While Israel and some of its Arab neighbors are growing closer, relations between the Jewish state and its traditional Turkish allies appear to have grown increasingly hostile.
Israelis this week were shocked by a report in the Washington Post that revealed Turkey had earlier this year deliberately blown the cover of at least 10 Iranians supplying information to Israel.
Much of the contact between Israel’s Mossad spy agency and the Iranian agents took place in Turkey, which for the past 50 years had acted as an ally to the Jewish state in intelligence matters.
According to the report, the purposeful leak was made by Turkish intelligence chief Hakan Fidan with the direct approval of Prime Minister Recep Tayyip Erdogan.
Despite the traitorous nature of the act and the resulting tremendous loss of vital intelligence, the US did not protest the move and continued to work with Fidan and the Turks.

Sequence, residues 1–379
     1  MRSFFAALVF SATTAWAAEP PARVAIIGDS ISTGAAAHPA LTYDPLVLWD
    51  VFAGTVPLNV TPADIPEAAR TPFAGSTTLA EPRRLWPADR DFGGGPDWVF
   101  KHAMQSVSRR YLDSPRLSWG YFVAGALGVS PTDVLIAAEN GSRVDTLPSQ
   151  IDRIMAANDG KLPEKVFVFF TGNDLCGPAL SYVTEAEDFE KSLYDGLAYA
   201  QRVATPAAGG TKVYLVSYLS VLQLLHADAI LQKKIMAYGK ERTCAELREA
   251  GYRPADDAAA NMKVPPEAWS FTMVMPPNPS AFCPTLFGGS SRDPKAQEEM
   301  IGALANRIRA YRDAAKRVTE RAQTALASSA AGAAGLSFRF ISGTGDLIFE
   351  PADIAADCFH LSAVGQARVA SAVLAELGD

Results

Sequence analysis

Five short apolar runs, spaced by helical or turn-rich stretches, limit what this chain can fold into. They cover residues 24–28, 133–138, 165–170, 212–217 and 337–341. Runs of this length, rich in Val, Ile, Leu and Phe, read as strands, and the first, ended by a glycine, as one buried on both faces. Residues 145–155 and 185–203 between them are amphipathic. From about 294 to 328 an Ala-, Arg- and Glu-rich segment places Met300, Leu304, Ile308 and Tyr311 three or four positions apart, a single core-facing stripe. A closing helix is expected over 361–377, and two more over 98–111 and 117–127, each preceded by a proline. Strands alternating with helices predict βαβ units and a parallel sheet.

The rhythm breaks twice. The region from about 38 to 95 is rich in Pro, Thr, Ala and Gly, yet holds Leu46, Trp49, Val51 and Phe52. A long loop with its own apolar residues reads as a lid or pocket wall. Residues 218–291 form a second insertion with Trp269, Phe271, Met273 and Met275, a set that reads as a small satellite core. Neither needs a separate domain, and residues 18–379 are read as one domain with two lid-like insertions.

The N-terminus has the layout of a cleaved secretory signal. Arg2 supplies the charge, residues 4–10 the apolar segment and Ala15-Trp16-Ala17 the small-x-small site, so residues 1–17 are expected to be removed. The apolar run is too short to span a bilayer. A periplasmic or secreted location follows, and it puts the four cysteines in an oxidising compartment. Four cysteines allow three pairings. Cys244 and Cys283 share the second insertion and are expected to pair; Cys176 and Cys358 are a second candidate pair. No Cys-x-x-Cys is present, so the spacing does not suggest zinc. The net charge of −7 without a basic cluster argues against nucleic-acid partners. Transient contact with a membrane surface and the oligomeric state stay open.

Israeli-Turkish relations have been going downhill ever since the election of Erdogan’s Islamic government in 2003. Prior to that, Turkey’s military had closely guarded a more secular brand of democracy and nationalism.
While Erdogan recently made what he labeled as democratic reforms, Israeli experts explained that the Turkish leader’s idea of democracy is very Islamic in flavor.
“These moves could be viewed as part of Erdogan’s ongoing efforts to undo the Kemalist [secular] state,” Dror Zeevi, a lecturer on Turkish history at Ben Gurion University, told the Times of Israel. “Erdogan is advancing his own agenda.”